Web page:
One hundred thousand people. That was the official number of attendees given for Fan Expo 2013. One hundred thousand people swarming the Metro Toronto Convention Centre in nerdy shirts and elaborate costumes, bags of merch in one hand, cameras in the other. Parents, grandparents, children, humans of all shapes, sizes, races, creeds, coming together to celebrate the flights of fancy of yesteryear, today, and tomorrow.
And is it not just the best feeling in the world?
So went Fan Expo 2013. With the MTCC's North and South buildings overtaken to accommodate the throngs of fans, it not only allowed for more vendors and guests to get set up, but also freed up a lot of space for people to move around. Prior years had seen fans confined to one of the two buildings, and the word "sardines" sprung to mind more often than not. This year, however, was certainly the biggest and most spacious Fan Expo I've been to. But was it worth the price of admission? At a whopping $115.00 for a full weekend pass, and daily passes ranging from $25 to $50, it has to be. Right?
Let's do the tally!
YEP. This was the year when Fan Expo first put in a Sports section. At first, I was worried about what this would mean. Terrifying images of muscular jocks strong-arming their way through the convention halls, delivering wedgies to whoever was in sight filled my mind. However, as I walked through the Sports Zone in the North building, I couldn't help but feel like they belonged there. Gazing out at the sea of trading cards, rows of signed baseball bats, posters, pins, books, and guides made me realize that, really, sports fans aren't that different from the rest of us enthusiasts. So, it was a treat to have them show up, and it's going to be grand seeing them each year! Plus, who wouldn't want to pose with a cardboard cut-out of the Stanley Cup?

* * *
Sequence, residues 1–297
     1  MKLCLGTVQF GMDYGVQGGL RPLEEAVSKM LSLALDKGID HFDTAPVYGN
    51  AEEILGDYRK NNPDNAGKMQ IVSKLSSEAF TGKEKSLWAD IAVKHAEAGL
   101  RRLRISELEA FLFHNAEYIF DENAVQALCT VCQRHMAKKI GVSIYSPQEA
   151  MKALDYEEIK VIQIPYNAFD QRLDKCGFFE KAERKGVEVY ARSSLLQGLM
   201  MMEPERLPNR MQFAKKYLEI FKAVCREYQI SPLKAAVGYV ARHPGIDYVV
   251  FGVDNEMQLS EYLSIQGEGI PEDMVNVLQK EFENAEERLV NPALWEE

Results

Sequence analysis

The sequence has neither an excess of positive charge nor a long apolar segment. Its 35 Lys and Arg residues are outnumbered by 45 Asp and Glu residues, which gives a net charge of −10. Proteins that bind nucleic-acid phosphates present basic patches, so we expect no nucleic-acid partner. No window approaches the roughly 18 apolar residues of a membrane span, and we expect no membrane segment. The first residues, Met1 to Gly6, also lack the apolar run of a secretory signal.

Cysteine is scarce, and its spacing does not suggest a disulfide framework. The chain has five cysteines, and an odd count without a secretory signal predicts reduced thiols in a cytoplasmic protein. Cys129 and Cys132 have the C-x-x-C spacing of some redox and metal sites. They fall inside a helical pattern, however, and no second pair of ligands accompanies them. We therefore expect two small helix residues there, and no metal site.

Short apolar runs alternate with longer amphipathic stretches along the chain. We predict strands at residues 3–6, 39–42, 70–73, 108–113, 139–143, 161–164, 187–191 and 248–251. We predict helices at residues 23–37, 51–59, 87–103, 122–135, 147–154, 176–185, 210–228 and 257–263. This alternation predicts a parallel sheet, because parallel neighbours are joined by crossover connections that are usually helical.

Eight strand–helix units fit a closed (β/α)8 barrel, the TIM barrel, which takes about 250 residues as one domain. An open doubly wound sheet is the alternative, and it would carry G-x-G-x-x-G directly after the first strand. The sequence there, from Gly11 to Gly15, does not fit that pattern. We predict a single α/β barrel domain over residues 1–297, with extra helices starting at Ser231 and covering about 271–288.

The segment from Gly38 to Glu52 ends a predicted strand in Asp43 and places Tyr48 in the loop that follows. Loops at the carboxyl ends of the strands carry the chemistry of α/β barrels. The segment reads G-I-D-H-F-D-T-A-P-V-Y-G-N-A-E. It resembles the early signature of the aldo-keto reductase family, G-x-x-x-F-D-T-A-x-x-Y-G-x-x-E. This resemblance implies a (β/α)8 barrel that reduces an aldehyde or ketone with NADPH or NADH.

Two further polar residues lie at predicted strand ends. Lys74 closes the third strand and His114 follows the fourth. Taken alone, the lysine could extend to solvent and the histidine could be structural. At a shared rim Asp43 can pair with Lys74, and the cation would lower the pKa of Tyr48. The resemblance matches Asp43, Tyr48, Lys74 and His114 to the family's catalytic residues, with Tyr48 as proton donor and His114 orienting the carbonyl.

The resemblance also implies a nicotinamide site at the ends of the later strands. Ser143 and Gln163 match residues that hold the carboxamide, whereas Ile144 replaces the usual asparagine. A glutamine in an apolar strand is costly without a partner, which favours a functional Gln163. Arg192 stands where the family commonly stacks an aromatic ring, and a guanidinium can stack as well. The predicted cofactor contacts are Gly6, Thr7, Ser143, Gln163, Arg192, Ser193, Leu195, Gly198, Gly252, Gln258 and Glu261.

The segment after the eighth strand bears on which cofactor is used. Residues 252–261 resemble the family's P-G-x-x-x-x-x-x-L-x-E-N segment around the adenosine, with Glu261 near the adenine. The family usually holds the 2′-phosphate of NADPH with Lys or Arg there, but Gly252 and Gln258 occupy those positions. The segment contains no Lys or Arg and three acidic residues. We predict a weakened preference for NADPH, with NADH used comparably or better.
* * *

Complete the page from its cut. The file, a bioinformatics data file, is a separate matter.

OUT AND ABOUT
Walking through a convention Fan Expo is always a treat in itself. Retailers from all over set up shop in the South Building's Dealer's Room, from Silver Snail and Labyrinth to Hamilton's Big B Comics and Mississauga's Gotham Central. There, fans could find any comic, figure, fake weapon, accessory or shirt they wanted. More were found in the North Building, close to the Sports Section and the areas occupied by the Doctor Who Society of Canada, the Toronto Steampunk Society, the 501st Legion, and replicas of KITT and KARR from Knight Rider and the 1989 Batmobile. One was also likely to come across scores of cosplayers gathering for one photo-shoot or another, and people lining up for autograph sessions with Fan Expo's many special guests.
Plus, how could you say no to the booths set up by big companies? Demos for upcoming video games and the new Playstation 4 surrounded one section. Showcase had a section promoting their new shows, and Rue Morgue had fake fetus bottles and a make-up space for anyone wanting to turn into Frankenstein for the day. Plus, Lego had a massive display that included a giant Yoda and a Shire roughly the size of a Winnebago. It even had a bench. That you could sit on. You could sit on Lego. Move over, Ikea, I'm having my friends' kids furnish my new apartment.